So let us look at the body.handlebars:

{% verbatim %}
<div class="blog-app">
    <h1>{{#link-to "posts"}}Example Blog{{/link-to}}</h1>
        {{#each category in categories itemController="category"}}
            {{#link-to "categoryPosts" category.id classNameBindings="controller.isActive:current"}}{{category.name}}{{/link-to}}
{% endverbatim %}
    <a href="{% url 'posts' %}">Classic version</a>

Handlebars use similar syntax to Django templates so we have to use verbatim tag to prevent Django from parsing handlebars templates. The link-to tag is used to make links to pages within ember. The outlet tag defines a place in which child templates will be inserted - so in our case all other three. There is also category list iteration and linking every category to a page (that should show posts only from that category).

The each iterator has an extra itemController which allows us to assign a custom controller for every iterated element. From our controller we have a isActive property which will set CSS class to current if true (STATEMENT:ON_TRUE:ON_FALSE).

Now let check our router - URLs within our application:

(function(Blog, $, undefined) {
    Blog.Router.map(function() {
        this.route('categoryPosts', {path: 'category/:id'});
        this.route('post', {path: 'posts/:id'});
    if (window.history && window.history.pushState) {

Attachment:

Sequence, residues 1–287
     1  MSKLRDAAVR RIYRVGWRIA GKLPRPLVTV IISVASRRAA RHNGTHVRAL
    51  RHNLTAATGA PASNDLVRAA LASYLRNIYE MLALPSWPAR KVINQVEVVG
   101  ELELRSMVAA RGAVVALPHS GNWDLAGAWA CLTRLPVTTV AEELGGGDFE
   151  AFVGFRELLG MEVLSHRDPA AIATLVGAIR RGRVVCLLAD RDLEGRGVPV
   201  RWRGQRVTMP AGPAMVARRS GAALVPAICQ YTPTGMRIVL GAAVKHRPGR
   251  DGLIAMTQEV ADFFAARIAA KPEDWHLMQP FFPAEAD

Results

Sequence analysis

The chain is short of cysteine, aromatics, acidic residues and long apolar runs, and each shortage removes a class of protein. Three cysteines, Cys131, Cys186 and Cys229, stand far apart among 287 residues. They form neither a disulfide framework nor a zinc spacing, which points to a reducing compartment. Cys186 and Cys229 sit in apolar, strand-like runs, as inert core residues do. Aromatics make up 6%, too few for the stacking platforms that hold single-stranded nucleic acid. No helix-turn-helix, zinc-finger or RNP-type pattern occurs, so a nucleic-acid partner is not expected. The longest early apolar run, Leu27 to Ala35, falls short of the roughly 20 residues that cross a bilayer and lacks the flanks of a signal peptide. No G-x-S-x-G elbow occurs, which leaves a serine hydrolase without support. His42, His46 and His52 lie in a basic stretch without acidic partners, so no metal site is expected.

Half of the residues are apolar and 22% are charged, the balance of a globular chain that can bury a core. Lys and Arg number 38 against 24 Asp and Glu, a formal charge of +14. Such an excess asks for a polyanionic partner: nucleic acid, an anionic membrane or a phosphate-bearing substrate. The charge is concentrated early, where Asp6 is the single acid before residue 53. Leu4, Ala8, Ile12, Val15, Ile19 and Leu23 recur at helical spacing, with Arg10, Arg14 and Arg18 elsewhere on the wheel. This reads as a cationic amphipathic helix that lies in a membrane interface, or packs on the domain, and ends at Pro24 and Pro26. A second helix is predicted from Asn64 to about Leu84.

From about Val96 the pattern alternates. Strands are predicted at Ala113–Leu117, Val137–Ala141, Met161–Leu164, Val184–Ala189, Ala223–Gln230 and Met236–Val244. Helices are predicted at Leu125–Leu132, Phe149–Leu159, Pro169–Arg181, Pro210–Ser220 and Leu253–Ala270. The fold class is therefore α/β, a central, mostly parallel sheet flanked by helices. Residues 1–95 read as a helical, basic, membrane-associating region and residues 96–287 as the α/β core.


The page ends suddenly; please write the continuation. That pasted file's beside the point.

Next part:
location: 'history'
}(window.Blog, jQuery));

We have three pages linked/defied with this.route. In case of categoryPosts which uses a category ID we pass that as a dynamic part of the URL, where id is our variable name. Similar for post. Ember also supports nesting pages and some other implementation of this example could have post as a child of categoryPost.

There is also Blog.Router.reopen snipped that changes how URLs are generated. If the browser supports push state the links will look normally like /posts/. If not default mode will be used that is based on hash #/posts/. You can copy/past this snippet in your app too if you want better looking urls for most browsers (except older IE).

In routes we have page business logic:

(function(Blog, $, undefined ) {
    Blog.IndexRoute = Ember.Route.extend({
        redirect: function() {
    Blog.PostsRoute = Ember.Route.extend({
        model: function() {
            return this.get('store').find('post');
    Blog.CategoryPostsRoute = Ember.Route.extend({
        model: function(params) {
            return this.get('store').find('post', {'category': params.id });
    Blog.PostRoute = Ember.Route.extend({
        model: function(params) {